James:

    Saying we’re unable to eliminate the possibility is not cause for panic, but b) if we are in fact past it, then excluding geo-engineering seems like a self-defeating approach.

    Of course I’m not against innovation, I made my bones in tech.

    I’m all for Tom Freidman’s approach to seeding innovation including geo-engineering. The general debate I was referencing is the greenwashing argument we don’t have to currently mitigate for global warming because we can have Reagan-like faith in American ingenuity where when it gets bad, we can then mitigate with geo-engineering projects. It’s one method to avoid investment now even if one concedes doubt, it’s the faith-based approach. That will not work in any way, shape, or form; we simply do not have the wherewithal nor will we soon to harness and expel the marginal energy sunk into carbon sinks like the ocean since start of the industrial age.

    Me earlier:

    You can’t merely focus on technological solutions, reduction of coal emissions has to be in play as well.

    James’ response:

    Perhaps I misunderstand what you’re going after here, but isn’t reduction of coal a technological solution? You must have a distinction in mind, but I’m not catching it. (Then again, I’m two glasses of scotch into a nice quiet evening at home, so…)

    The non-technological aspect of my point is that we should never build another coal plant in this country ever again unless it comes with a viable sequestration solution, a solution which has not yet occurred. Also, given my skepticism in “clean coal”, at least till its economically proven, I’m making a policy argument we need to fixate on decreasing capacity from coal plants by switching sources, particularly natural gas and intermediate- to long-term to nuclear.

    James:

    I don’t believe the Democrats have the stomach for taking strong efforts to combat climate change, especially given the weak state of the economy right now and their overall sensitivity to GOP attacks on them as being generally bad news for the economy. They may want, in their hearts, to do something, but they are terrified that being cast as responsible for economic weakness will mean long-term exile from the White House, and semi-permanent congressional minority status.

    And yet the House passed a cap and trade bill and the President continues to move-out on energy reform though constrained by his executive powers. So I strongly disagree. There is one bad group in this and it’s the Republicans. Certainly there’s nitpicking at the margins, like Democrats not wanting their district’s electric bills going up where other districts don’t, but they’ve repeatedly demonstrated their will while Republican obstructionism is monolithic and now so committed they deny reality itself.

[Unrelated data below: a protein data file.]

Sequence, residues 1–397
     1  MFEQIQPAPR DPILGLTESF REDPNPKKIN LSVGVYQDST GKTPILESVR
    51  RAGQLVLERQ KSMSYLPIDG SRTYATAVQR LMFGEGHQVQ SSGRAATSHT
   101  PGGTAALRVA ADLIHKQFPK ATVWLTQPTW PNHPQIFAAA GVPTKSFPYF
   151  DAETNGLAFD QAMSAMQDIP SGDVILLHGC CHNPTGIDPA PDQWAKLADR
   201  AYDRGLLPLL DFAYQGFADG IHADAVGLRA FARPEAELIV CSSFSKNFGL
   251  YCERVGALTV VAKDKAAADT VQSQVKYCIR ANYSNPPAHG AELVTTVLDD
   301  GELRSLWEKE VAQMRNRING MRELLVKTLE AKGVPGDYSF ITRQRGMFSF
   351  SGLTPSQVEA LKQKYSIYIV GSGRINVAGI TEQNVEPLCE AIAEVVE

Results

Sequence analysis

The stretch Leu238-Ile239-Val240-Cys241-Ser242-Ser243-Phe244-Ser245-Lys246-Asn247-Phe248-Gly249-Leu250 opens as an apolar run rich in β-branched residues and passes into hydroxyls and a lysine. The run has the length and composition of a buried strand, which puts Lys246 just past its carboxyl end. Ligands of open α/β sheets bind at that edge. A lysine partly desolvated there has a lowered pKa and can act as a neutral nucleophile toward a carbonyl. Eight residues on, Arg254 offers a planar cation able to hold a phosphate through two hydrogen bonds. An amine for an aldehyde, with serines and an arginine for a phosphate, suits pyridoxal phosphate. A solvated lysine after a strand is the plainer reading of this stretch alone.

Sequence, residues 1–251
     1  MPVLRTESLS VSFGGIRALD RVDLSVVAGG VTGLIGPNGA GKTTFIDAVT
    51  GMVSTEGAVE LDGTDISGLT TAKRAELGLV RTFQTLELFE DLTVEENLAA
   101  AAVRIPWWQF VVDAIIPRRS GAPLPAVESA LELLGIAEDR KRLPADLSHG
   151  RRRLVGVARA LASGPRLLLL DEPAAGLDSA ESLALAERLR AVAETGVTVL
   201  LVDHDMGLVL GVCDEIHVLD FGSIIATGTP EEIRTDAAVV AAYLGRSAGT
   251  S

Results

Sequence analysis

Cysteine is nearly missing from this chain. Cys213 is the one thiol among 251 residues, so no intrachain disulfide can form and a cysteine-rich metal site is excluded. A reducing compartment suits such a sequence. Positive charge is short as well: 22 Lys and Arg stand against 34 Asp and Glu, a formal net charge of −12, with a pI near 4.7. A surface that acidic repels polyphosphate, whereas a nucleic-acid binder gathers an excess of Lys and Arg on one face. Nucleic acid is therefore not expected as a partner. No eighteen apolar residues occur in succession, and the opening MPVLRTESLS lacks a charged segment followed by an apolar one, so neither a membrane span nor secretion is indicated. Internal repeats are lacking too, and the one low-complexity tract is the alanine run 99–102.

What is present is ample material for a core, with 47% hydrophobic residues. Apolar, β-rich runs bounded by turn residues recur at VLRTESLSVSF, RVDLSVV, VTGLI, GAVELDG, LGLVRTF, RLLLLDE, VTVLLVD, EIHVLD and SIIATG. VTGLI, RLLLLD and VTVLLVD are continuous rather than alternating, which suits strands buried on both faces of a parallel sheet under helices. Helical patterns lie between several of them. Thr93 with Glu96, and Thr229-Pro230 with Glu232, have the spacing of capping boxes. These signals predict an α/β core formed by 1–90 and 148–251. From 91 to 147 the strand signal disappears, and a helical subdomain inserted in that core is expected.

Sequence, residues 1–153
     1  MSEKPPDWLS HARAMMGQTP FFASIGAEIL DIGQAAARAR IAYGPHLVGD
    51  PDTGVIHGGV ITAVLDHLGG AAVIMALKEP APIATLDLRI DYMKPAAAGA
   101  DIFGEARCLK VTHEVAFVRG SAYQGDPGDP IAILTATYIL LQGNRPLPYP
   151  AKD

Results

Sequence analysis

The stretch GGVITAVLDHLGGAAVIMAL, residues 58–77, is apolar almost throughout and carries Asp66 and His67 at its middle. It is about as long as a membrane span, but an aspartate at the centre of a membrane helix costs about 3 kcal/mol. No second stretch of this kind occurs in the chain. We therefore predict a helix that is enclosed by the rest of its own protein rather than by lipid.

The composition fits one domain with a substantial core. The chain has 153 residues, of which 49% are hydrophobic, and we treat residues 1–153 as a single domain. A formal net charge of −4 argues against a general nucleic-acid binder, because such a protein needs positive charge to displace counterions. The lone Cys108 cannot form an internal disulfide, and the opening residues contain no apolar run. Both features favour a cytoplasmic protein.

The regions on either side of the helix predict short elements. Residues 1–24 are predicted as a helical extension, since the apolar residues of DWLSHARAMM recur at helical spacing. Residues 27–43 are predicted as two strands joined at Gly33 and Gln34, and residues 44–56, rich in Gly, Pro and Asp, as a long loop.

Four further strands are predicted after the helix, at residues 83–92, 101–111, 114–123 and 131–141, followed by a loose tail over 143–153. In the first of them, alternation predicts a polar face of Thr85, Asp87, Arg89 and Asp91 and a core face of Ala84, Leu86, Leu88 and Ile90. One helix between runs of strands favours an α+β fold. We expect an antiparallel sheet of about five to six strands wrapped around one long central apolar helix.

James:

    Look also at their priorities–they could have pushed for that during Obama’s first two years, but their agenda was dominated by domestic policy issues that were clearly of far more importance to them.

    The Democrats passed a bill in the House which was filibustered in the Senate. I suggest reading Climate Progress, you’ll get a feel for the what the executive branch is continually doing with the limited powers it has without congressional support.

    It’s not naive to pin this all on the Republicans.

  49. James Hanley says:

    [China is] concerned that U.S. imports will have taxes based on the carbon footprint of a particular product. This would suppress China’s growth,

    Not if China has some new technologies that reduce the carbon footprint of their products. This sounds more like an argument for China shifting away from coal energy than for an argument about why they wouldn’t.

    The non-technological aspect of my point is that we should never build another coal plant in this country ever again unless it comes with a viable sequestration solution,

    OK, it’s clear now. And I agree. I’m not remotely comfortable with nuclear power, but I think it’s our necessary approach at this point. And I would support an end to coal power completely apart from climate change. Anyone who’s contemplated mountain-top removal in West Virginia ought to at least be somewhat uncomfortable about coal.

    The Democrats passed a bill in the House which was filibustered in the Senate.

    Yeah, and you don’t think they knew it would be filibustered? Symbolic votes don’t impress me any more than polite words from China’s politburo.

    I suggest reading Climate Progress, you’ll get a feel for the what the executive branch is continually doing with the limited powers it has without congressional support.